Tuesday Tunes

photograph and text by Brian Willson

What does a Black-Throated Green Warbler sound like?
Zee, zee, ZOO, zee!

Assuming you can endure the deerfly swarms long enough to stand for a moment in the woods these days, you might well hear—amid the voices of the red-eyed vireo and the hermit thrush and the occasional eastern wood-pewee—the summer song of a black-throated green warbler.

Black-throated greens are one of our more exotic-looking local birds, but they’re small and skittish enough to escape notice most of the time. It’s easier to hear them first then go looking for ‘em. But it can get tricky even knowing what to listen for: like a number of local species—don’t ask me why—their song goes through a transformation as the year moves on, as nesting progresses, as spring turns into summer.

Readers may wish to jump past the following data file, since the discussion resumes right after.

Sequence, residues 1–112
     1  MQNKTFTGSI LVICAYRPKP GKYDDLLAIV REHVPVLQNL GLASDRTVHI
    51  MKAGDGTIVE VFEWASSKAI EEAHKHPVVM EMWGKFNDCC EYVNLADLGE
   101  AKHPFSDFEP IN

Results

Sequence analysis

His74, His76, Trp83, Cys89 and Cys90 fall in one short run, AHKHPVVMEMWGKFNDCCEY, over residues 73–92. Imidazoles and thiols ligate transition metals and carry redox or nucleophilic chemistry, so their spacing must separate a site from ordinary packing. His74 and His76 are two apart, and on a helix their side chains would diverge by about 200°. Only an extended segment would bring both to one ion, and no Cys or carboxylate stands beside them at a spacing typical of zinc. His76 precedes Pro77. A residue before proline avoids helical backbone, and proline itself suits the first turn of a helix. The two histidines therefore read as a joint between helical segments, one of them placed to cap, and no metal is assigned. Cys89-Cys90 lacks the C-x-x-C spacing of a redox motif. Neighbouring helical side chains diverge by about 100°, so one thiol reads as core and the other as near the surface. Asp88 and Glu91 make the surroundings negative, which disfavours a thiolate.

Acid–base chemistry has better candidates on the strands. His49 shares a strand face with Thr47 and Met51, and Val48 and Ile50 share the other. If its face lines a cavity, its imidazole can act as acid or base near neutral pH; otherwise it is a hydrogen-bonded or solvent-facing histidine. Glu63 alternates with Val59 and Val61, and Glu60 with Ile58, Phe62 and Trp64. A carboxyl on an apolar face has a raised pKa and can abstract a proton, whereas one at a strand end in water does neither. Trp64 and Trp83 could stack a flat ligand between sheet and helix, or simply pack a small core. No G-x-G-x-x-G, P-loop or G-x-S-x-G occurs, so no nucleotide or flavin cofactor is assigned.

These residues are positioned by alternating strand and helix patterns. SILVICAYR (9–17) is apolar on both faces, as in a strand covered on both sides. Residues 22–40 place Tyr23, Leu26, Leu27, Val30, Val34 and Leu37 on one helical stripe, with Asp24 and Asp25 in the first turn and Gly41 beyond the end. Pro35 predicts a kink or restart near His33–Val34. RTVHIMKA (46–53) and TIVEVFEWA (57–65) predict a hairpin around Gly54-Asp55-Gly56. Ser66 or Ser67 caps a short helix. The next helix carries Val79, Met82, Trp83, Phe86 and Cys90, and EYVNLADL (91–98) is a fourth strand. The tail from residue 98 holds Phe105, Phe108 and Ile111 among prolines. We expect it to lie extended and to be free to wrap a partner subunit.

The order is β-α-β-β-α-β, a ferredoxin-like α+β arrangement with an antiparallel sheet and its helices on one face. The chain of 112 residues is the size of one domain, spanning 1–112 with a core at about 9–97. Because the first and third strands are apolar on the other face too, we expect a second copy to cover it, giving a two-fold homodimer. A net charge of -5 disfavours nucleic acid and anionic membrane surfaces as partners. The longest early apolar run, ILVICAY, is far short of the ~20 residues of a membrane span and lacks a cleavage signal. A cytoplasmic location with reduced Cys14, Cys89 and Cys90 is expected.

In any season, the “BTG” is one of a few of our resident warblers with peculiarly buzzy-sounding voices. (Others include the northern parula and the black-throated blue.) In spring, as the yellow-cheeked males began vying for nesting sites, their urgent-seeming song might be written: Zee-zee-zee-zee-zee-zooo-ZEE!

Like the spring song, the bird’s typical summer call has both clear and buzzy notes but seems slower and more languorous, befitting of the season: Zee, zee, ZOO, zee.

Curiously the “ZOO” part of this song is the solitary clear note of the four—a note that, in fact carries a lot farther. Often I first know this species is about by hearing a lone, distant ZOO! off in the trees.

So if you’re in or near a wooded glade some sunny afternoons, stop and listen for this little warbler’s signature summer song.